Once again this is more of a meta identification as all I have really done at this stage is ramp up the contrast and pick out areas of significant variance. This has the effect of identifying edges and boundaries, and an edge or boundary is by definition not part of a hand. Everything within this boundary is a hand though, or, as you can plainly see in the screenshots a head. More on that later.

With a little tweaking of the various algorithmic parameters the output starts to approach something useable, with two noticeable caveats.

The first being that whilst areas of interest have been identified, there is currently no computational way of differentiating between different elements in the frame (right hand vs. left hand, or head for example).

There is a simple solution to this, if not a robust one.

I decided that if there was not a direct path between one subset (collection of squares) to another, that is to say, they are separated by an edge, they are different elements.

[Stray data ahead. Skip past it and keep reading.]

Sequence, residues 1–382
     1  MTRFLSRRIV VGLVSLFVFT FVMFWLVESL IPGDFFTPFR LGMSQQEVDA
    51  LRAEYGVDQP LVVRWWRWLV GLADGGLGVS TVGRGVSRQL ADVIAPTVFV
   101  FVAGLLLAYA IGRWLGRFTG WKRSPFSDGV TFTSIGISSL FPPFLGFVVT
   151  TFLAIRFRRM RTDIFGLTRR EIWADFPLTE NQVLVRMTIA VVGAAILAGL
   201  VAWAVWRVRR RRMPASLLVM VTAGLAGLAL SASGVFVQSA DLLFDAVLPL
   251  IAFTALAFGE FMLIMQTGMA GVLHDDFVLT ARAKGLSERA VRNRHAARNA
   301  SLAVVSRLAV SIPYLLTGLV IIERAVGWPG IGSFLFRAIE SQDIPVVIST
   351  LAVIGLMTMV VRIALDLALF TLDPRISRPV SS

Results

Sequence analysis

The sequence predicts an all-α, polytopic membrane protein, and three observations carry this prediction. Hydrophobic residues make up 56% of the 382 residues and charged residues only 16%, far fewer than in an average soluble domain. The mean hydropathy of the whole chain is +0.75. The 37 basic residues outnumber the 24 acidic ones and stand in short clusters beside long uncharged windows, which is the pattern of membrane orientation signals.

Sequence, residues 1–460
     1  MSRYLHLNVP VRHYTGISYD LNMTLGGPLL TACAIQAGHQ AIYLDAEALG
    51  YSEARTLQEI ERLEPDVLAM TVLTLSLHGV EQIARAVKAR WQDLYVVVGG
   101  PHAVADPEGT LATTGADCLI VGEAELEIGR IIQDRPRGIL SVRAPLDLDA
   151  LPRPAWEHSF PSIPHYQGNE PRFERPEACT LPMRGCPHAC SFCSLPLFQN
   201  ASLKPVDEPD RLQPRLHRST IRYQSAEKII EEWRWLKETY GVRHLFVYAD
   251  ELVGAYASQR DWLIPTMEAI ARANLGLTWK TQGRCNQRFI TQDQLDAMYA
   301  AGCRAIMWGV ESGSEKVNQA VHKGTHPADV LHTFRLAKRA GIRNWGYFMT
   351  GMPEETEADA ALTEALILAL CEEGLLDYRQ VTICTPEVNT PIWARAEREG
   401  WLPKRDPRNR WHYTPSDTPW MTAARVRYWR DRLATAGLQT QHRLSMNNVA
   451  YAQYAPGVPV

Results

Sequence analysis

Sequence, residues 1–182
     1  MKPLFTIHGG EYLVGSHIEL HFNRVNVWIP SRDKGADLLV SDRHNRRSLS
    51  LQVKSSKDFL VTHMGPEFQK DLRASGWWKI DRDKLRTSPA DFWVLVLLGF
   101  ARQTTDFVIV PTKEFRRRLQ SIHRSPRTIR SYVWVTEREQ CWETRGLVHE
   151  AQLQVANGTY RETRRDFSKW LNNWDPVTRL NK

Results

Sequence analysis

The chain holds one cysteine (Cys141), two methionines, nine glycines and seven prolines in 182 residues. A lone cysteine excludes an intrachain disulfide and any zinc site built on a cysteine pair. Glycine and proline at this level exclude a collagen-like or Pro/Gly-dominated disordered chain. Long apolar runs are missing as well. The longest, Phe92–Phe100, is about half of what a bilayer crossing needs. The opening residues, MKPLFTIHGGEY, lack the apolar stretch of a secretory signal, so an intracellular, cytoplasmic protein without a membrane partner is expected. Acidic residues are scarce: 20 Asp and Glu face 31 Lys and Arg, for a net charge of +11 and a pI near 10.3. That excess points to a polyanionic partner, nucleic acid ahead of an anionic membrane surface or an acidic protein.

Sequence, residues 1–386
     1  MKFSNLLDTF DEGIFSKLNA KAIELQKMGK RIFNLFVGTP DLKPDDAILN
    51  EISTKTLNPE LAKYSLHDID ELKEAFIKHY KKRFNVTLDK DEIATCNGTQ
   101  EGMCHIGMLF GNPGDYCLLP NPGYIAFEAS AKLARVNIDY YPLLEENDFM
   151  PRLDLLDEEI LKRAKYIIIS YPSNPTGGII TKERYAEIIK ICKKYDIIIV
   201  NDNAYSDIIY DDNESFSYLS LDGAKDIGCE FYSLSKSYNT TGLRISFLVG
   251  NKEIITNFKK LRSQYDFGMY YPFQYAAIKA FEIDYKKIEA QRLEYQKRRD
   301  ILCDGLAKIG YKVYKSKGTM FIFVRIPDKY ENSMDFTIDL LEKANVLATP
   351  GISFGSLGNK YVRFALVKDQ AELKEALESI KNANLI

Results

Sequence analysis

To determine this I ran a recursive depth first algorithm on the data returned from the “sub square” algorithm. As a side note, this is one of the places that not going with out of the box solutions did shoot me in the foot in a way. I spent not inconsiderable time getting to grips with a recursive algorithm that was capable of identifying these distinct sub regions. Had I searched for an algorithm I would have found and implemented a depth first search in very short order, as it was, working from scratch took me rather longer.

Here are a few examples of some of the botched attempts.

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And this shows it working; each distinct element has a unique identifier.